A very late review: Songs in Ursa Major by Emma Brodie

I haven’t blogged for three months, and I’m feeling terrible about that where my ARCs are concerned. I’ve been reading just as much as usual, but with a lot of life/work/health/family reasons going on, I sort of fell off the book and social media wagon. I’m making a concerted effort to catch up with everything now, though, because in addition to owing some galley reviews, I am certain I’ve been missing out on a lot of new or buzzy books.

So, without further ado/excuses… I finished Songs in Ursa Major way back in August, and I am not exaggerating when I say I loved every bit of it.

What it’s about

From the Goodreads description:

The year is 1969, and the Bayleen Island Folk Fest is abuzz with one name: Jesse Reid. Tall and soft-spoken, with eyes blue as stone-washed denim, Jesse Reid’s intricate guitar riffs and supple baritone are poised to tip from fame to legend with this one headlining performance. That is, until his motorcycle crashes on the way to the show.

Jane Quinn is a Bayleen Island local whose music flows as naturally as her long blond hair. When she and her bandmates are asked to play in Jesse Reid’s place at the festival, it almost doesn’t seem real. But Jane plants her bare feet on the Main Stage and delivers the performance of a lifetime, stopping Jesse’s disappointed fans in their tracks: A star is born.

Jesse stays on the island to recover from his near-fatal accident and he strikes up a friendship with Jane, coaching her through the production of her first record. As Jane contends with the music industry’s sexism, Jesse becomes her advocate, and what starts as a shared calling soon becomes a passionate love affair. On tour with Jesse, Jane is so captivated by the giant stadiums, the late nights, the wild parties, and the media attention, that she is blind-sided when she stumbles on the dark secret beneath Jesse’s music. With nowhere to turn, Jane must reckon with the shadows of her own past; what follows is the birth of one of most iconic albums of all time.

Shot through with the lyrics, the icons, the lore, the adrenaline of the early 70s music scene, Songs in Ursa Major pulses with romantic longing and asks the question so many female artists must face: What are we willing to sacrifice for our dreams?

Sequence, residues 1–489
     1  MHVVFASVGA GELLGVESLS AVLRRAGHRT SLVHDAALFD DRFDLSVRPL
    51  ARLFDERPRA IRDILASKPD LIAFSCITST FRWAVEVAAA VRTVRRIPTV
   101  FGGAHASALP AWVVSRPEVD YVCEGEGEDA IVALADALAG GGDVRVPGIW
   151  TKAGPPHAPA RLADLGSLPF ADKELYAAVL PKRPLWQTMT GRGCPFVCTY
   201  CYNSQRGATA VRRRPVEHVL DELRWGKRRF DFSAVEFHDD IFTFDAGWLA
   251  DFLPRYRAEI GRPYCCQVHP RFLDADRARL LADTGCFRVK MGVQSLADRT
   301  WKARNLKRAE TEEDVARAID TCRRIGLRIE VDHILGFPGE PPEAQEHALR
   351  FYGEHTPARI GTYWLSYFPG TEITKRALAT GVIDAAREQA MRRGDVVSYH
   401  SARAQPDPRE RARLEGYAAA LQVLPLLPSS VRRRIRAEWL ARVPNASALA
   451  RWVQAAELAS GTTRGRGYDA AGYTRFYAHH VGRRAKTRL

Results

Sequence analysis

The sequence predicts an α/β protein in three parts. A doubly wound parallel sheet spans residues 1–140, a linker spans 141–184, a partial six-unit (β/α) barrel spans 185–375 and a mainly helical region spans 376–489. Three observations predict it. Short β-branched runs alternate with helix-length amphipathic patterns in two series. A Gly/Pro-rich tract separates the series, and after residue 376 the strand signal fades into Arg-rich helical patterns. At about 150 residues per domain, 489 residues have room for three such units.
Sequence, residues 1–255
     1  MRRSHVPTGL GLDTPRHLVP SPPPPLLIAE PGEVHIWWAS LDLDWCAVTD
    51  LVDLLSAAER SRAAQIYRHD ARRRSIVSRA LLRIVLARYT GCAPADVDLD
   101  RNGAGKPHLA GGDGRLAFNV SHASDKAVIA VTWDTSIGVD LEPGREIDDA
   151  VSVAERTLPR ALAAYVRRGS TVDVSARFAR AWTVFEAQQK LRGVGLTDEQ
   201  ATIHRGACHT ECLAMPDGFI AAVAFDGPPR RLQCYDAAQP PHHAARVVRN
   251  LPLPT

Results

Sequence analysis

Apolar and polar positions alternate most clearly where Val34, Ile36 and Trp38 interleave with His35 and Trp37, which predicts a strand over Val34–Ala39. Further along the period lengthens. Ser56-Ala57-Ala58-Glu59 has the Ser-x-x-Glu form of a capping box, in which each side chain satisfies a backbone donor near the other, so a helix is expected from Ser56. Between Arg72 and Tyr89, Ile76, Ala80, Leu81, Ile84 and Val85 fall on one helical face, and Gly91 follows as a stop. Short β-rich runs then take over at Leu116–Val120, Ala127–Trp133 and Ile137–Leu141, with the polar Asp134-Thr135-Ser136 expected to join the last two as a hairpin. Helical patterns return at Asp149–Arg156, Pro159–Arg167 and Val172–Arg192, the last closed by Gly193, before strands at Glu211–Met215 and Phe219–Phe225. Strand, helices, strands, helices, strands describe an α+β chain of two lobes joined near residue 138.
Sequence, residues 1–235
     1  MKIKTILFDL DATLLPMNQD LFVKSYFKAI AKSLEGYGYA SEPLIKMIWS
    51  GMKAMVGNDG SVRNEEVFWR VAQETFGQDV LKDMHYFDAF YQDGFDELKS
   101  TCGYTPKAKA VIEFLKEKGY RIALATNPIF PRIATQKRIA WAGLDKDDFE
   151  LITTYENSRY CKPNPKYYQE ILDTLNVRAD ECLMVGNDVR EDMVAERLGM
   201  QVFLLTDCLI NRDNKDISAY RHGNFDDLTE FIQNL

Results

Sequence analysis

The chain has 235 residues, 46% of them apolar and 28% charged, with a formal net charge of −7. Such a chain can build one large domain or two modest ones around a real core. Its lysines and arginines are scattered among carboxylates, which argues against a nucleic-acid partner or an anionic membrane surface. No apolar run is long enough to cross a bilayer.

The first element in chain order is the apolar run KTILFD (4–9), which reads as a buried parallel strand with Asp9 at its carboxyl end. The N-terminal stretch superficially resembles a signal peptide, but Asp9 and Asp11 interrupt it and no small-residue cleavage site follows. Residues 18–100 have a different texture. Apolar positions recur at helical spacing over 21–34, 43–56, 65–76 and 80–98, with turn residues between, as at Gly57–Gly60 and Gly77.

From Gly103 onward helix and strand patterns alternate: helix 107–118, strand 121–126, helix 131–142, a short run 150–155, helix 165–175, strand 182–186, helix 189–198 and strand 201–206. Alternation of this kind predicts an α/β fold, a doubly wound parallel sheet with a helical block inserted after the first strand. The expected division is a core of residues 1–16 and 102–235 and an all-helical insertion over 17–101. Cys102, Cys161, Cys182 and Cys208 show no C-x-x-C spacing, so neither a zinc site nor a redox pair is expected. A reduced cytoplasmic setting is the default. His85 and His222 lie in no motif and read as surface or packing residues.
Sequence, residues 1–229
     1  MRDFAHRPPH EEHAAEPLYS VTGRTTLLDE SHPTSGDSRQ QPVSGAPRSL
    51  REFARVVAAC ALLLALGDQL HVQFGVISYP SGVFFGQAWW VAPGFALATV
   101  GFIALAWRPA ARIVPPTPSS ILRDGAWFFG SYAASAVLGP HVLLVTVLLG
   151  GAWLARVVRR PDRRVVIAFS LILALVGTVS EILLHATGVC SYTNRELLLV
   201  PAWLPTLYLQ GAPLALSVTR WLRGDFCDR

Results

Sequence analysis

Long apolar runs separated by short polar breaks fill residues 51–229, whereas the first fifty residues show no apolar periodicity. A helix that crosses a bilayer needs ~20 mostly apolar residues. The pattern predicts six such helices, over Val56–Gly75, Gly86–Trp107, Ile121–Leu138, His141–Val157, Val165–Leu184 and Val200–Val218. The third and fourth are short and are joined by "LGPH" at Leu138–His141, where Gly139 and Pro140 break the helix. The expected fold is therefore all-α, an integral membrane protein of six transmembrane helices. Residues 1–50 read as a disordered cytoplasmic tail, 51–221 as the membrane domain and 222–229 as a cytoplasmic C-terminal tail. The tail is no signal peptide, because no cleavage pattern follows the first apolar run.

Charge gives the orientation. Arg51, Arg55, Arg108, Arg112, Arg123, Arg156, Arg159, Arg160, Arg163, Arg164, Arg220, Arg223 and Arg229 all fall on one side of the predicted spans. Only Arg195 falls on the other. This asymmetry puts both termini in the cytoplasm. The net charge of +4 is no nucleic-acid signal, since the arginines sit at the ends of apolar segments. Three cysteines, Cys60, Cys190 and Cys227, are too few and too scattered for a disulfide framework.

My thoughts

I saw lots of buzz about this book before starting it—mainly comparisons to Daisy Jones & the Six (which I understand, but these two books really aren’t very similar) and discussion about how it’s loosely based on an affair between James Taylor and Joni Mitchell (fascinating, but not necessary to enjoy the book). Fictionalized accounts of the 60s/70s music scene seem to be automatic must-reads for me, and I’ve not yet been disappointed.

Main character Jane Quinn is pretty much impossible to dislike: smart, funny, super talented, intense and outspoken. She loves her music, but is devoted to her family, friends, and island. Rock star Jesse Reid is perfectly swoon-worthy, complicated and imperfect. I loved the chemistry between the characters and their passion for music. The sexism and foulness of the music industry machine comes through loud and clear in this book, but I was rooting so hard for Jane and The Breakers.

Brodie’s writing is so descriptive and lovely, I was completely drawn in to the book from the beginning and torn between wanting to read it quickly and savor it. I loved the family drama going on just under the surface, and there’s a bit of a twist in the second half that caught me off guard.